by Dr. Bill Blank, M.D.
Published in Midwest Flyer – December 2017/January 2018
Cataracts are a common result of aging. Over 24 million Americans over 40, one-sixth of that population, have cataracts. More than half the people over 80 have them. Almost 4 million cataract operations are performed annually in the U.S.
I decided to write this article for two reasons. First, cataracts are a common problem and can impact aviation safety. Second, because of a fatal Cessna 172 accident in 2013 in which early cataracts played a role (NTSB #WPR14FA078), the FAA has been emphasizing the symptoms of cataracts, especially early ones, to AMEs.
What is a cataract? It is simply a clouding or opacification of the lens of the eye. The lens should be clear like a window. Cataract surgery involves removing the opaque lens and replacing it with a plastic one, called an intraocular lens implant or IOL. The most common cause of cataracts is age. Others are heredity, medication side effects (high dose steroids is an example), diabetes, some other diseases, and smoking.
There is an aviation connection to interocular lens implants. Gordon “Mouse” Cleaver was a World War II Battle of Britain Hawker Hurricane Ace. On his last flight, he forgot to wear his goggles. His canopy exploded resulting in plastic inside of his eye. His ophthalmologist realized that the plastic was causing no inflammation of the eye. This led him to conclude that it might be possible to make a plastic lens to put inside the eye. At that time, the cataractous lens was removed and not replaced. After surgery, the patient had to wear thick glasses which distorted vision. The first intraocular lens was implanted in England in 1950 and in the U.S. in 1952. Since then, the surgical technique and lens technology has gradually evolved. Modern cataract surgery is done under topical or local anesthesia and takes about 10 minutes. The recovery is rapid and the vision is generally excellent. Because refractive surgery techniques are frequently combined with cataract surgery, patients often wind up with weaker, more advantageous prescriptions for glasses than they ever had.
Some of the symptoms of cataracts are blurred vision, glare, halos, loss of contrast, dimming of colors, and trouble reading. From a certification point of view, the problem is that many people with early cataracts still have 20/20 vision. They can pass their flight physical, but are truly visually handicapped. They can be blinded by oncoming headlights or runway lights. If you have trouble driving at night or no longer do it, you probably don’t meet the FAA visual standards and shouldn’t fly.
If you have early cataracts, not causing symptoms, can your AME certify you? Sure, he should write in his remarks “early cataracts, not visually significant.”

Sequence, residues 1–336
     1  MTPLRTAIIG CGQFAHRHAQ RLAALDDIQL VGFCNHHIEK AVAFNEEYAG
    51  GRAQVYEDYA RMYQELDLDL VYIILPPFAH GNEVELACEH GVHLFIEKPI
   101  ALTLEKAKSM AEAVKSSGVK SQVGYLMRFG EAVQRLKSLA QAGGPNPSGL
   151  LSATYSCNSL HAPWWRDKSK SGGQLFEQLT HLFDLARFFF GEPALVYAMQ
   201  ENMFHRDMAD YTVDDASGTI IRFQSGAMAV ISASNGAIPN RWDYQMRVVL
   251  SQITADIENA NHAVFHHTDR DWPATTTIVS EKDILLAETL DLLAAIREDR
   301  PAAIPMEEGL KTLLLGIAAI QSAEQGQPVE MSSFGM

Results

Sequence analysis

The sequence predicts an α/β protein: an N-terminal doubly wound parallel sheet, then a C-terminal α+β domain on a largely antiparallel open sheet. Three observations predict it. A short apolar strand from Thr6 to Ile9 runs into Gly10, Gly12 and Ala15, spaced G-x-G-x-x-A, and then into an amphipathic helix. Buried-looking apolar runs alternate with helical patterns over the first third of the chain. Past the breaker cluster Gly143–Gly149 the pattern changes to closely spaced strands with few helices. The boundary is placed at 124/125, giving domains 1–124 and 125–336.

What are the certification requirements after cataract surgery? It depends on the type of implant. If your implant is single vision, for distance only, and you need glasses to read, there is no waiting period. Your vision must be stable and you must be able to meet the standard. For implants designed to correct for distance and near vision, there is a 3-month waiting period. The FAA feels that it takes that long to adjust to these implants. One disadvantage to this type of IOL is that there are vision trade-offs. The vision frequently isn’t as sharp as with single-vision implants. Some people may not be able to meet the 20/20 requirement for 1st or 2nd class certification.
I hope this article has given you a better understanding of cataracts and FAA certification after surgery.
EDITOR’S NOTE: William A. Blank is a physician in La Crosse, Wisconsin, and has been an Aviation Medical Examiner (AME) since 1978, and a Senior AME since 1985. Dr. Blank is a retired Ophthalmologist, but still gives some of the ophthalmology lectures at AME renewal seminars. Flying-wise, Dr. Blank holds an Airline Transport Pilot Certificate and has 5600 hours. He is a Certified Instrument Flight Instructor (CFII), and has given over 1200 hours of aerobatic instruction. In addition, Dr. Blank was an airshow performer through the 2014 season, and held a Statement of Aerobatic Competency (SAC) since 1987.
DISCLAIMER: The information contained in this column is the expressed opinion of the author only, and readers are advised to seek the advice of others, and refer to the Federal Aviation Regulations and FAA Aeronautical Information Manual for additional information and clarification.